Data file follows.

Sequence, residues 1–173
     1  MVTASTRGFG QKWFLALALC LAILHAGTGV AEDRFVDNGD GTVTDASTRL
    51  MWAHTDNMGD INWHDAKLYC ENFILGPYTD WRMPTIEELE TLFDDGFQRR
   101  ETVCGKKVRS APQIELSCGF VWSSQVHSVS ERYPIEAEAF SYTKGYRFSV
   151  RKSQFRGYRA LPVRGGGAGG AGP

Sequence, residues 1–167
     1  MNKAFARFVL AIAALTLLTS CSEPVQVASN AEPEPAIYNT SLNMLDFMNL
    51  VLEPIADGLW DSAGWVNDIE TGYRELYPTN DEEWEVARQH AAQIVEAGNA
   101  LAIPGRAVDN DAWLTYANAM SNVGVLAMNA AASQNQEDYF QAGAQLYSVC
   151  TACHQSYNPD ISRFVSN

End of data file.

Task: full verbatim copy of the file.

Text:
Sequence, residues 1–173
     1  MVTASTRGFG QKWFLALALC LAILHAGTGV AEDRFVDNGD GTVTDASTRL
    51  MWAHTDNMGD INWHDAKLYC ENFILGPYTD WRMPTIEELE TLFDDGFQRR
   101  ETVCGKKVRS APQIELSCGF VWSSQVHSVS ERYPIEAEAF SYTKGYRFSV
   151  RKSQFRGYRA LPVRGGGAGG AGP

Sequence, residues 1–167
     1  MNKAFARFVL AIAALTLLTS CSEPVQVASN AEPEPAIYNT SLNMLDFMNL
    51  VLEPIADGLW DSAGWVNDIE TGYRELYPTN DEEWEVARQH AAQIVEAGNA
   101  LAIPGRAVDN DAWLTYANAM SNVGVLAMNA AASQNQEDYF QAGAQLYSVC
   151  TACHQSYNPD ISRFVSN